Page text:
Nearly two months ago, the DNR recommended the City of Rhinelander make full PFAS testing results available on the city’s website.
As of Thursday afternoon, those testing results still weren’t posted for the public to see.
In a Nov. 19 letter to Rhinelander City Administrator Daniel Guild, Steven Elmore, the program director of the DNR’s Bureau of Drinking Water and Groundwater, wrote the DNR recommended Rhinelander post “all PFAS results on the city website as soon as reasonably practicable.”
The next day, Elmore’s colleague echoed that recommendation in an interview with WXPR.
“We want to make sure that all of us are providing clear and the most accurate information to the public. The easy way to do that is just to put the sample results out there,” said DNR Drinking Water and Groundwater Program Field Operations Director Kyle Burton.
But only results taken on May 30 and June 27 were easily available, an inspection of the city website by WXPR found. High levels of PFOA and PFOS, compounds in the PFAS family, were found in municipal Well 7 during the May and June tests, leading the city to shut down that well in late June.
PFAS compounds have been linked to health risks including cancer, thyroid disease, and higher cholesterol.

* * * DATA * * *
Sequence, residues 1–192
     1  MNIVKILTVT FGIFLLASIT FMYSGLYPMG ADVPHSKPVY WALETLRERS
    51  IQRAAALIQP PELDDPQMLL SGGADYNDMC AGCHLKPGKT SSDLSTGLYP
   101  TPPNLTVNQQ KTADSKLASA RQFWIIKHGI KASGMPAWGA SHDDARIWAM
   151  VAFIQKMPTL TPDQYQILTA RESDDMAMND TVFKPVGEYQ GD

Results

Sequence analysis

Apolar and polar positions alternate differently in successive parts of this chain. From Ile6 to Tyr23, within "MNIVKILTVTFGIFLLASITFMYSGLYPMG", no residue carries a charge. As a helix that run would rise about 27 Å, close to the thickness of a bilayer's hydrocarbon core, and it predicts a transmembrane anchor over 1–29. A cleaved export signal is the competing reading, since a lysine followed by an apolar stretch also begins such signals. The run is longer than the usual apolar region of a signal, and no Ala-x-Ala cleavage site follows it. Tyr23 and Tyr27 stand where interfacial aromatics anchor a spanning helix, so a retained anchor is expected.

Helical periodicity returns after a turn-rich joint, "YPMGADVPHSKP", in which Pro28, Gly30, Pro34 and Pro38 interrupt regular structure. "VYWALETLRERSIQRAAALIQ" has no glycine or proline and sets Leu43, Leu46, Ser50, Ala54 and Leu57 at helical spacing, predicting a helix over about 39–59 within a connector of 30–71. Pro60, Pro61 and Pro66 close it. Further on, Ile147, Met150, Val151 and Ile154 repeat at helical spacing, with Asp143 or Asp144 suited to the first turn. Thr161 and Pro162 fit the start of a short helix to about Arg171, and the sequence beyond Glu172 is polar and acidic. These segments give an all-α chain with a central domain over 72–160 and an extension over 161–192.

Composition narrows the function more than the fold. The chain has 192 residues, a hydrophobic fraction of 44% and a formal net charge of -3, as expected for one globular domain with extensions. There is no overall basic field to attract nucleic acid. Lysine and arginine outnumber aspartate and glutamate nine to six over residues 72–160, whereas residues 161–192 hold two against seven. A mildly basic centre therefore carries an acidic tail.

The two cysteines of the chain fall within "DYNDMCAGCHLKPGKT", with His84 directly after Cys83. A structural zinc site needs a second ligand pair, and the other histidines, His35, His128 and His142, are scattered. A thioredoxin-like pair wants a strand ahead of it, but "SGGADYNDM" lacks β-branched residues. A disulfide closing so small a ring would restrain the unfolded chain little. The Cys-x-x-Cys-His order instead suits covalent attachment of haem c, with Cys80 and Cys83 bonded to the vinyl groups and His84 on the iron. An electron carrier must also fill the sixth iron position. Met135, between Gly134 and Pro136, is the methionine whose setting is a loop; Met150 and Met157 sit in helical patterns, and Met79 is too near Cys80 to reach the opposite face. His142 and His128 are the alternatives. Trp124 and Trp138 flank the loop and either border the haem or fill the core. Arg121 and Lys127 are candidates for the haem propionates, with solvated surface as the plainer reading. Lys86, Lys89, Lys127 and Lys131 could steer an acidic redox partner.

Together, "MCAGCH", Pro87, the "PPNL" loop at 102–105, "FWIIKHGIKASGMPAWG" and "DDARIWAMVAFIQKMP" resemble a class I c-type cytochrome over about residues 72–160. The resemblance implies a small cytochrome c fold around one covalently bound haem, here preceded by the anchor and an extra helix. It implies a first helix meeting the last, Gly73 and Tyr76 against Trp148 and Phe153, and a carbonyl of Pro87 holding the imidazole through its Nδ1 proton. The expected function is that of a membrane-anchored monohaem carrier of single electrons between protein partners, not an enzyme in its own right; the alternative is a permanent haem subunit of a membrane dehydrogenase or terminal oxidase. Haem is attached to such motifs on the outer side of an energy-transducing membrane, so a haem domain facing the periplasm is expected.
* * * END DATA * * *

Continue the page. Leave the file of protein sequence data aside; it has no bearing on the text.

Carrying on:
The city has been testing regularly since the shutdown of Well 7 in June. Via open records requests, WXPR has obtained the results of testing through November.
Those tests show decreasing concentrations of PFAS compounds in Well 7, but increasing levels of PFHxS, another PFAS compound, in Well 8. Those PFHxS levels led Mayor Chris Frederickson to order Well 8 shut down on Nov. 22, two weeks after WXPR released a story showing rising contaminant levels in the well.
Despite these actions by the city, and the DNR’s recommendation to post PFAS testing results, there appear to be no updated results on the city’s website. However, you can view testing results WXPR compiled through open records requests for Well 7 here and Well 8 here. The results are updated through November.
Frederickson directed questions about the lack of results on the city website to Guild. Multiple requests made to Guild for an update on the topic received no response.
In a message to city residents on Nov. 5, Guild suggested the original tests, which led to the shutdown of Well 7 in June, might have been inaccurate.
But in the same letter recommending posting of testing results, the DNR said it had “no reason to question the accuracy” of the original tests.
On Dec. 9, the DNR labeled the Rhinelander-Oneida County Airport as a “responsible party” for PFAS
contamination in Wells 7 and 8. Both wells are located on airport grounds. The DNR mentioned the airport’s storage of fire-fighting foam, a known source of PFAS, in its message.
But on Dec. 20, former airport director Joe Brauer said wastewater sludge had been injected into the ground at the airport from 1988 to 1992, casting doubt on the fire-fighting foam theory. According to Brauer, that sludge was injected near, and upgradient of, where Wells 7 and 8 were later constructed.